Watts Bar Dam, located midway between Knoxville and Chattanooga, is one of nine TVA dams on the Tennessee River. Watts Bar Lake provides a variety of recreational play from paddling, fishing, swimming, and camping. A scenic overlook near the dam provides visitors with a panoramic view of the reservoir and surrounding countryside. Completed in 1942, just three weeks after Pearl Harbor the reservoir provided the urgently needed electricity for the war effort. The height of the dam is 112 feet and stretches 2,960 feet across the Tennessee River. There are 722 miles of shoreline and over 39,090 acres of water surface. To maintain the water depth required for navigation, the minimum winter elevation for Watts Bar Reservoir is 735 feet with a typical summer operating range between 740 and 741 feet. In addition to forming a navigable 72-mile-long reservoir on the Tennessee River, Watts Bar also creates a slack-water channel for navigation more than 20 miles up the Clinch River and 12 miles up the Emory River. Countless coves and islands with natural sand beaches offer ideal spots for virtually all types of water activities.
Fishing: The best fishing is said to be between April and November when the lake is at the summer pool level of 741 feet above sea level. During the winter months, the level usually drops about six feet. Anglers can cast a line in the wide open flats or the narrow winding river channels and expect to catch jumbo crappie, lunker, largemouth bass, smallmouth bass, trophy stripers and a wide array of freshwater fish. Crappie and sauger fishing in the spring is exceptionally good. Peak time for fishing largemouths is from April through June with October through December the best for smallmouths. October and November are also the peak times for striped bass, but you can catch the big stripers year-round. In August and September the lake's white bass fishing is second to none in the state. Note that the state of Tennessee advises against eating fish caught in certain areas of the lake due to PCB contamination.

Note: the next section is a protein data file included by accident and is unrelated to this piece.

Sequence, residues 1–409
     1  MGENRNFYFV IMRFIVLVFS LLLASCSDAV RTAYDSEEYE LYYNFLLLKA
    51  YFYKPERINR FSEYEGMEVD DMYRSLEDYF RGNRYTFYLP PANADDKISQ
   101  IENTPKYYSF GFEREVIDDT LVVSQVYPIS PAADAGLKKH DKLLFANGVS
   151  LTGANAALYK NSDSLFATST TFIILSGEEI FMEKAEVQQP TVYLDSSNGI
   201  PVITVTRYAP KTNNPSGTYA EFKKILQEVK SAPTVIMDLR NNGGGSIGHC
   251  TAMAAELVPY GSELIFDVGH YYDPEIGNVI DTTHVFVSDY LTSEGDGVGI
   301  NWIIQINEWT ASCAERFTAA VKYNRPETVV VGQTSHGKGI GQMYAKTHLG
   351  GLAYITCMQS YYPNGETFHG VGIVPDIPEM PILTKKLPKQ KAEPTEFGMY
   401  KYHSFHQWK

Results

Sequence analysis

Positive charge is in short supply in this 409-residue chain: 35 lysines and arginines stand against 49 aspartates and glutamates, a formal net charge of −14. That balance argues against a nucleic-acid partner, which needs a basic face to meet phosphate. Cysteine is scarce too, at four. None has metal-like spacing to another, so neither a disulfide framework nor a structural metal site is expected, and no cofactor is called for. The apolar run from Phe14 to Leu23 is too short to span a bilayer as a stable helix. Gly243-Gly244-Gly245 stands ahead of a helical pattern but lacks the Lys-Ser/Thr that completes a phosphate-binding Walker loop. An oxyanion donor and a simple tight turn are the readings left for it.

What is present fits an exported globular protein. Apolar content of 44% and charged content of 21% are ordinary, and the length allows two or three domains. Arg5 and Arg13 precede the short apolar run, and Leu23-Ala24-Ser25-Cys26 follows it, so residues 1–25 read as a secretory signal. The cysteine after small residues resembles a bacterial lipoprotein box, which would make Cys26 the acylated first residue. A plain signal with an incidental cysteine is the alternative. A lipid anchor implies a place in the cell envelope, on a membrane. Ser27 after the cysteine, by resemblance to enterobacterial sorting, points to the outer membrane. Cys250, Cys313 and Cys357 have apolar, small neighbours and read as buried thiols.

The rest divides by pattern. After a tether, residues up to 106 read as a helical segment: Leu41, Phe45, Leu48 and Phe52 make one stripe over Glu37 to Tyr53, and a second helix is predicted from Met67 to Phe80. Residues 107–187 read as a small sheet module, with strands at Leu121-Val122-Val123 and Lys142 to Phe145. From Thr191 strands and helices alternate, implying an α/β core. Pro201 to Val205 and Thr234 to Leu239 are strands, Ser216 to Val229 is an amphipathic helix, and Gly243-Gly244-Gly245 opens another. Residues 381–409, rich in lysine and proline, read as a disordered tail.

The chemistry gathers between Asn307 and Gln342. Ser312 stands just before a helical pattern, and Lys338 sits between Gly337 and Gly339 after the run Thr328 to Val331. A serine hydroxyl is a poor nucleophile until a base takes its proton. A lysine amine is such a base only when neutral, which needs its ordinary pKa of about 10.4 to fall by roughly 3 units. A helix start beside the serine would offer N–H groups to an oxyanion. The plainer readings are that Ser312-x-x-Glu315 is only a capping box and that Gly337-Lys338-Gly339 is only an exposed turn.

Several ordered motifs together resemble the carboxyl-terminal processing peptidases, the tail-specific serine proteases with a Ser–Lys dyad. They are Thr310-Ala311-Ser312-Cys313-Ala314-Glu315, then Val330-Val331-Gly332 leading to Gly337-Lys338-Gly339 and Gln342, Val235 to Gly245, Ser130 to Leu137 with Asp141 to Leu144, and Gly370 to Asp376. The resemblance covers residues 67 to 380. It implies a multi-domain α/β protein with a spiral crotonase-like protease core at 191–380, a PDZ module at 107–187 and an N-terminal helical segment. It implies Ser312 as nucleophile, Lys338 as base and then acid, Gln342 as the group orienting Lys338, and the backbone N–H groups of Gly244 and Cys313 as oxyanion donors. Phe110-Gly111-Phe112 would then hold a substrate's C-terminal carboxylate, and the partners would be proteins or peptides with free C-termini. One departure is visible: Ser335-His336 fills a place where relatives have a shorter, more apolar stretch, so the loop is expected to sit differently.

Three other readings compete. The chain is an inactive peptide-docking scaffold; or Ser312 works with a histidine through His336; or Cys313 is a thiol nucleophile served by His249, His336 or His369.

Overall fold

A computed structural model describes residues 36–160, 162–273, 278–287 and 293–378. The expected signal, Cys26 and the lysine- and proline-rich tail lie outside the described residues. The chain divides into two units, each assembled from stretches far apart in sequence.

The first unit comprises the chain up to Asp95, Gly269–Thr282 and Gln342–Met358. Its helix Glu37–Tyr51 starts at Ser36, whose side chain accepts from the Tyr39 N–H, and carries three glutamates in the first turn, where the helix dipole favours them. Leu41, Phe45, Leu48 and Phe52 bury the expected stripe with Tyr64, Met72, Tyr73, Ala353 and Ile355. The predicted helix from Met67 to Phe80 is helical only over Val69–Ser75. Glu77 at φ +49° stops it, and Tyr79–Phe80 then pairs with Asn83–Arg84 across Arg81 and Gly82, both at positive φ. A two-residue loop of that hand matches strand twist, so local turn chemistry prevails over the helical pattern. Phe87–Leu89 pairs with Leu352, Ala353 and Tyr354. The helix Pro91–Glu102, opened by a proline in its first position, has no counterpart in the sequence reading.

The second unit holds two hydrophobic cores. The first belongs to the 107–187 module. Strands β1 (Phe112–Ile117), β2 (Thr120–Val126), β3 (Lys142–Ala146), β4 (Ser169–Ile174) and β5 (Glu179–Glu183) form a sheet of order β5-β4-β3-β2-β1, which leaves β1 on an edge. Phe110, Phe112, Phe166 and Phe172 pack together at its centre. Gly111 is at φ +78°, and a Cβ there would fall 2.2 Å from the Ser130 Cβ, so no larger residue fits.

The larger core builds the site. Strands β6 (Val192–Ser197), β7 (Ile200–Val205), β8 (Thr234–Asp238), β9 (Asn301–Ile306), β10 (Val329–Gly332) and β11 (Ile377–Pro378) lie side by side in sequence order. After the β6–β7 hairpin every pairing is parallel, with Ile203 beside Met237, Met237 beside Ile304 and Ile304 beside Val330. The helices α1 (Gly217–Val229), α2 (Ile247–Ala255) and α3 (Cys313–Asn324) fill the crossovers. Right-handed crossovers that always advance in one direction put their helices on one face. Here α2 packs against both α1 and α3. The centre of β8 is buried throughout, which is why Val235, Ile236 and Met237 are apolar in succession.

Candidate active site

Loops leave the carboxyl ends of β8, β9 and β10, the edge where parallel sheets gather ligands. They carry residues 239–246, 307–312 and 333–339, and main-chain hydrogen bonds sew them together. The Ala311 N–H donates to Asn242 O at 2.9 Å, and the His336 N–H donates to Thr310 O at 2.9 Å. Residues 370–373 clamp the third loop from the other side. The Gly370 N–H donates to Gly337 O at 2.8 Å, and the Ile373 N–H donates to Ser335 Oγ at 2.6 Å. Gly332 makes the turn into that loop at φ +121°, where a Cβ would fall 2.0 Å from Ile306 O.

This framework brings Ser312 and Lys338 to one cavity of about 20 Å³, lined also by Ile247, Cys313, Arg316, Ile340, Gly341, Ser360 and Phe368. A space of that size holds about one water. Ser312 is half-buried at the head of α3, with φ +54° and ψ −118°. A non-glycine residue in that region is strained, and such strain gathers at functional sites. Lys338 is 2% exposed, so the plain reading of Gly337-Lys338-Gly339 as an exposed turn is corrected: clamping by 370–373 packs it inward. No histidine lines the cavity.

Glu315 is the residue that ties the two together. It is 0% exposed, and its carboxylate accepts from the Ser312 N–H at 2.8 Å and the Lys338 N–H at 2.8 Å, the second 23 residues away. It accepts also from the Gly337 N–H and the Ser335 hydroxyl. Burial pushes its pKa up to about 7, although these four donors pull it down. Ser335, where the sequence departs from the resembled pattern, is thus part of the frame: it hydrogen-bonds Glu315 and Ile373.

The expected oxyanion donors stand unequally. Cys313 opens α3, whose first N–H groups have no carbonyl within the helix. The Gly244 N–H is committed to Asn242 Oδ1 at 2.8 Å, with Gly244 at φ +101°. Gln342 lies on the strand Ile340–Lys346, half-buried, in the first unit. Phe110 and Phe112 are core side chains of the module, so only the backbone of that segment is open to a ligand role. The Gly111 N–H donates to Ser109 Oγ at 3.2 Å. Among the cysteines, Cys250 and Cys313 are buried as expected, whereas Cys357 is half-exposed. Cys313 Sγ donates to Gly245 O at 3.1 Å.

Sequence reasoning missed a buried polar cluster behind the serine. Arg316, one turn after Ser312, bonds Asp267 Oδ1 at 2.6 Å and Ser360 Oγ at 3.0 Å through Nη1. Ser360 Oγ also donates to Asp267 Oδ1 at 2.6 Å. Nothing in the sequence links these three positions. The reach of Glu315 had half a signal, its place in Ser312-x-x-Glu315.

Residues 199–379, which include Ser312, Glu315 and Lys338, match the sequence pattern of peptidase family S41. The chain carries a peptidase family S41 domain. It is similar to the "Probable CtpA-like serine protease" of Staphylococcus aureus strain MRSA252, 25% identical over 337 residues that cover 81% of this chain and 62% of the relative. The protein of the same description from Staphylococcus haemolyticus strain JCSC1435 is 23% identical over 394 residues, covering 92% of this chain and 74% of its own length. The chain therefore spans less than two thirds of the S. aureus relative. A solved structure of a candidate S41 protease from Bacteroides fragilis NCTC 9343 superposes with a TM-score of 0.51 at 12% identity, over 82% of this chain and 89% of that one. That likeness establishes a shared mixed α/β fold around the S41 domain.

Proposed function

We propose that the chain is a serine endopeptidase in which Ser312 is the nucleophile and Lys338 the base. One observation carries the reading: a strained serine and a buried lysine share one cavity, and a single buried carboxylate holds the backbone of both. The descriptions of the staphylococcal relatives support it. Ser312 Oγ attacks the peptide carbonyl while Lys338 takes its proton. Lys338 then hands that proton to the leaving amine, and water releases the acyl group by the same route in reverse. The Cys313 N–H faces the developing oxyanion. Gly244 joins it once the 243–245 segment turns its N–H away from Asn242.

Trails: The scenic Betty Brown Memorial Walking Trail winds along the lake's shoreline, through 4 parks providing many glimpse of waterfowl and wildlife. Birdwatchers will enjoy the large population of great blue herons, over 120 nesting pairs of osprey, along with a few bald eagles that live on or near the lake.